Latest Posts - 26 Apr 2018
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In the second in our series of guest blogs, Karen Johnson, Head of Customer and Corporate Services at Teign Housing, explores how the use of advanced technology is helping Housing Associations to drive digital inclusion and enhance service delivery to tenants.
The advent of digital inclusion signals a major shakeup in the housing sector and the digital revolution has given housing associations unprecedented levels of engagement with their tenants. With new reforms in social housing announced in this year’s Queen’s Speech, digitalising services will have an important role to play in the Government’s strategy to bring digital inclusion to all.
The motivation is partly driven by the Public Services Social Value Act 2012; for the first time, all public bodies in England and Wales, including housing associations, are required to consider how the services they commission and procure might improve the economic, social and environmental well-being of the area. Yet, despite the fact that the internet currently has over 3 billion users worldwide, the UK Office of National Statistics identified that 4.1 million adults out of 8.7 million living in social housing have never been online.
It’s not just regulation driving change. Housing providers are beginning to appreciate that delivering services via a wider range of channels allows them the opportunity to deliver enhanced tenant services. By integrating an array of existing business systems, such as housing management and rent applications and Customer Relationship Management (CRM) systems, detailed information relating to tenants can be captured and shared, affording housing providers full visibility of a tenant’s profile and their interactions with their landlord. And the benefits of digital inclusion don’t end there. A report commissioned in 2012 by Pearson and the CBI has connected being Internet savvy to increased employment and earning potential.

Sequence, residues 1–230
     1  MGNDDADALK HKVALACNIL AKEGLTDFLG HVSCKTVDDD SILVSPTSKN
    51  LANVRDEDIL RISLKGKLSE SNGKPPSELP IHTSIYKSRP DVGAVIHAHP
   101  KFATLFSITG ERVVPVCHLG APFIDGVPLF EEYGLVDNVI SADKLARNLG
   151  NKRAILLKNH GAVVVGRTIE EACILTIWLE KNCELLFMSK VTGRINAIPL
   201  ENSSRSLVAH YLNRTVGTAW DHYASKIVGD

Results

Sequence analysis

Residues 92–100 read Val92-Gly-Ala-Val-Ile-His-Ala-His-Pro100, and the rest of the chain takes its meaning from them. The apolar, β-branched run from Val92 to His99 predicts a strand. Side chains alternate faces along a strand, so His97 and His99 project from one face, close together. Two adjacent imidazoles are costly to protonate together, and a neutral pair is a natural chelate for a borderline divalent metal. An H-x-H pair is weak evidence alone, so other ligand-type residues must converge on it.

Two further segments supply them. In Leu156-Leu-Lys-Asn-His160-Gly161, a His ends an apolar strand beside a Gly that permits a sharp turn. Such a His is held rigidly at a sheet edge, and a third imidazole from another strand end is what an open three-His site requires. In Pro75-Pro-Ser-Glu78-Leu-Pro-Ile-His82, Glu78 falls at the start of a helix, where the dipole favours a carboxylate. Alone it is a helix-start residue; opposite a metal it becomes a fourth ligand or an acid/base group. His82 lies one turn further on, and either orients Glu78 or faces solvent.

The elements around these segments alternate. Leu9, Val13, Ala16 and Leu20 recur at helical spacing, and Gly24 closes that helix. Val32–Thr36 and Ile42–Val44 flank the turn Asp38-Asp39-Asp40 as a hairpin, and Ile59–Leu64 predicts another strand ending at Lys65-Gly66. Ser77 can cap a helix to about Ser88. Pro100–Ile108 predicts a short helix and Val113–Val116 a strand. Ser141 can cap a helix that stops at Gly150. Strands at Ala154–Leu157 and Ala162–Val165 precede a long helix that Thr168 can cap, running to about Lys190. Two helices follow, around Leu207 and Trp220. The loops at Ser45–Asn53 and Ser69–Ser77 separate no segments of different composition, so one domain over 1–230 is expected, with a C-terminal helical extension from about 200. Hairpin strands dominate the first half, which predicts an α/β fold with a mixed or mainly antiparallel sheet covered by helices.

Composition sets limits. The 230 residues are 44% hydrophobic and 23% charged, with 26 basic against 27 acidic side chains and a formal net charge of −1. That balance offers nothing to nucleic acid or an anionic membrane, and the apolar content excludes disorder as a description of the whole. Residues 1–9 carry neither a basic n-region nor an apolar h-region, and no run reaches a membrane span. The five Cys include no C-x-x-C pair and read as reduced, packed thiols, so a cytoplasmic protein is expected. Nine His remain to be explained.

The pressure is on to get tenants engaging via digital channels. The Government aims to increase the number of citizens who are online by 25% in 2016, then by a further 25% every two years until everyone is connected. By 2017, the Government wants 80% of Universal Credit applications to be made online. However, in setting these objectives, the Government has identified four key barriers to achieving its targets; the ability to connect to the Internet; being able to use the Internet; believing the Internet is a good thing and the fear of online crime.
So while it is clear that there are challenges ahead, the Government’s strategy to bring digital inclusion to all will deliver enormous benefits to all concerned. And technology has a vital role to play. Allowing housing associations to manage their interactions across multiple channels is essential to exploiting the advantages of advancements in communication technologies. The digital age demands that housing associations reassess how they operate and redesign their services to keep up with the society they endeavour to serve.
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Fact: Legacy systems are costing you money, and these costs are only going to increase the longer it takes to switch over to more modern, unified and flexible communication systems.
Even when older systems still work, on-site PBX (private branch exchanges) are increasingly at risk from failing. Sourcing spare parts and engineers capable of fixing them will get more difficult, and expensive. Not investing now will cost more in the future.
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